What is in this article?:
- Legal issues continue to shape the present and future of American agriculture.
- The involvement of the legal system in agriculture likely will continue to grow.
- Top 10 agricultural law developments of 2012 based on their impact (or potential impact) on U.S. agriculture.
Chapter 12 bankruptcy taxation
4. Chapter 12 bankruptcy taxation. In 2012, the U.S. Supreme Court decided a Chapter 12 (farm) bankruptcy case involving one aspect of the changes made to bankruptcy law in 2005. The 2005 Bankruptcy Act allows a Chapter 12 debtor to treat claims arising out of “claims owed to a governmental unit” as a result of “sale, transfer, exchange, or other disposition of any farm asset used in the debtor’s farming operation” to be treated as an unsecured claim that is not entitled to priority under Section 507(a) of the Bankruptcy Code, provided the debtor receives a discharge. Under prior law, taxes were a priority claim and had to be paid in full.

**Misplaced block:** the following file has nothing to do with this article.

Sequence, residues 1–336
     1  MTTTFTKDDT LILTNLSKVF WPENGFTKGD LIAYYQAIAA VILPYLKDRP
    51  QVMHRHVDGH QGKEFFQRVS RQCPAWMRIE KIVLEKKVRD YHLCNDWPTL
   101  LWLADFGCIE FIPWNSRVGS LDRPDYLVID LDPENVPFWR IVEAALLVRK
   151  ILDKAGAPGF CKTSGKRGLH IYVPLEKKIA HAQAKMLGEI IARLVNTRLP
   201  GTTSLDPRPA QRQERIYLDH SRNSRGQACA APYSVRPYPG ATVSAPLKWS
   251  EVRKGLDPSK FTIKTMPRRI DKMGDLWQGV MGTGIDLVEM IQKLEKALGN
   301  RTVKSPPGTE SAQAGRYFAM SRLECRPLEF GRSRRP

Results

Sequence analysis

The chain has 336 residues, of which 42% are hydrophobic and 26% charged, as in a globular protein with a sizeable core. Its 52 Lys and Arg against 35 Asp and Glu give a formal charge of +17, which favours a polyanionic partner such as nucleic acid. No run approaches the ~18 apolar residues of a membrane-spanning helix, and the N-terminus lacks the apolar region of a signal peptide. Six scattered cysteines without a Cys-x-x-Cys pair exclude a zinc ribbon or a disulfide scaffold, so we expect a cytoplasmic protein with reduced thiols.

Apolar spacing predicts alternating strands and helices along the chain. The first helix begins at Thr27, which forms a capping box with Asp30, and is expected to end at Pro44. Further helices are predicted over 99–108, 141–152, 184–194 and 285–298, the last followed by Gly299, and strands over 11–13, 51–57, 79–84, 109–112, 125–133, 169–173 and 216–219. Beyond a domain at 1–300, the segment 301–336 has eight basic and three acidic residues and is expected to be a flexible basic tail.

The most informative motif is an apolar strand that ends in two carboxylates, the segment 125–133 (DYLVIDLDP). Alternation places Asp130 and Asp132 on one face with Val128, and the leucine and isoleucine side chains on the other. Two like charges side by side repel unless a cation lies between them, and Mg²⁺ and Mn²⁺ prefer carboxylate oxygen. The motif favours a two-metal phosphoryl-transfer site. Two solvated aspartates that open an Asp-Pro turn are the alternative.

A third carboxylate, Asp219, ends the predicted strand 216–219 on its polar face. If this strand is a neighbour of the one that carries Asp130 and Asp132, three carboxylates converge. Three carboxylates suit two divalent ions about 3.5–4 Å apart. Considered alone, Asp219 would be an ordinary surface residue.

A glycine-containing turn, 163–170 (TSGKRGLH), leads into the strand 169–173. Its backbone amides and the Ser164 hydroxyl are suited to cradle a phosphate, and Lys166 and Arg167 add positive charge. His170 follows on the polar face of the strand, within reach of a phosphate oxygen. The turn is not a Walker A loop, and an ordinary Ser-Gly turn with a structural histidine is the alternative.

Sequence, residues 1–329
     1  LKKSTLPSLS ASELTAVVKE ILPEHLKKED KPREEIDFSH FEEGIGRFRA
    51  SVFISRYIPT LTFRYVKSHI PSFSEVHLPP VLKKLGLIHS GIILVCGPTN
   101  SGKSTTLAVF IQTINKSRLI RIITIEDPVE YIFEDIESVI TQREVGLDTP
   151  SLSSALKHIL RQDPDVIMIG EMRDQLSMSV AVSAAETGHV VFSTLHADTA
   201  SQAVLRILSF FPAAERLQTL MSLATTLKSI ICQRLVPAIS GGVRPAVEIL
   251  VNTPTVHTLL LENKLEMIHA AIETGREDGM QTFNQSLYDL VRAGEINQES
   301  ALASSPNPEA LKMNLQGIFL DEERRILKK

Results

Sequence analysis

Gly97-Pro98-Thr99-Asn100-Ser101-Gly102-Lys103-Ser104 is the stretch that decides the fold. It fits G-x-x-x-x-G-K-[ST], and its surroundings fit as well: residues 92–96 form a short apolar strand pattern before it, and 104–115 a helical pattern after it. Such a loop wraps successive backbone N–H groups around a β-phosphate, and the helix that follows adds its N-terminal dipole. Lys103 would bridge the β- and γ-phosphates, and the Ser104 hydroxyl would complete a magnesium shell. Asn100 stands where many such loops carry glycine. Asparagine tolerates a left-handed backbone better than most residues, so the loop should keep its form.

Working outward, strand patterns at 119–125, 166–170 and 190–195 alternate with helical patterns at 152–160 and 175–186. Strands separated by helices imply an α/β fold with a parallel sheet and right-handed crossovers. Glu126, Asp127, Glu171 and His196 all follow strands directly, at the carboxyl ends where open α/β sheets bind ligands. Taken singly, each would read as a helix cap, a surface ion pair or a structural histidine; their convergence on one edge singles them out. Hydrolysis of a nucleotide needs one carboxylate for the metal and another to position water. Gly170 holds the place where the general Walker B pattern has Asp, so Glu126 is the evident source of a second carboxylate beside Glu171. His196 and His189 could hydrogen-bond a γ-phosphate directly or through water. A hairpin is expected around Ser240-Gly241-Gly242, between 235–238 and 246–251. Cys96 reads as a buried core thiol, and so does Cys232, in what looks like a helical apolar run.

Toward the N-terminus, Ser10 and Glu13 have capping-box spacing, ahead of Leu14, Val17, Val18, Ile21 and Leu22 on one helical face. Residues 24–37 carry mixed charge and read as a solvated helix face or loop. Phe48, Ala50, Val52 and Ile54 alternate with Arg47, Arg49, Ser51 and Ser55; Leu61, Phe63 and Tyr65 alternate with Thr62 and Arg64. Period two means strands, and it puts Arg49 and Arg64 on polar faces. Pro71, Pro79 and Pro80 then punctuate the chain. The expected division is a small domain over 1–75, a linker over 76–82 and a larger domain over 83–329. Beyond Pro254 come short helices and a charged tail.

The United States Court of Appeals for the Eighth Circuit had ruled that a debtor’s pre-petition sale of slaughter hogs came within the scope of the provision, and that the provision changed the character of the taxes from priority status to unsecured such that, upon discharge, the unpaid portion of the tax is discharged along with interest or penalties.*6 The court also held the statute applies to post-petition taxes and that those taxes can be treated as an administrative expense. Such taxes can be discharged in full if provided for in the Chapter 12 plan and the debtor receives a discharge.*7 Upon the filing of a Chapter 12, a separate taxpaying entity apart from the debtor is not created. That is an important point in the context of the 2005 amendment. The debtor remains responsible for taxes triggered in the context of Chapter 12. That’s a key point because the amendment allows non-priority treatment for claims entitled to priority under 11 U.S.C. §507(a)(2). That provision covers administrative expenses that are allowed by 11 U.S.C. §503(b)(B) which includes any tax that the bankruptcy estate incurs. Pre-petition taxes are covered by 11 U.S.C. §507(a)(8). But post-petition taxes, to be covered by the amendment, must be incurred by the bankruptcy estate, as is the case with administrative expenses. Indeed, the IRS position is that post-petition taxes are not “incurred by the estate” as is required for a tax to be characterized as an administrative expense in accordance with 11 U.S.C. §503 (b)(1)(B)(i), and that post-petition taxes constitute a liability of the debtor rather than the estate.*8 The U.S. Circuit Courts of Appeal for the Ninth and Tenth Circuits agreed with the IRS position.*9 On review of the Ninth Circuit’s opinion, the U.S. Supreme Court also agreed. So, unless additional legislation is enacted to change the statutory language, timing of asset sales to ensure that taxes are triggered before a Chapter 12 petition is filed will be necessary. Hall v. United States, 132 S. Ct. 1882 (U.S. 2012).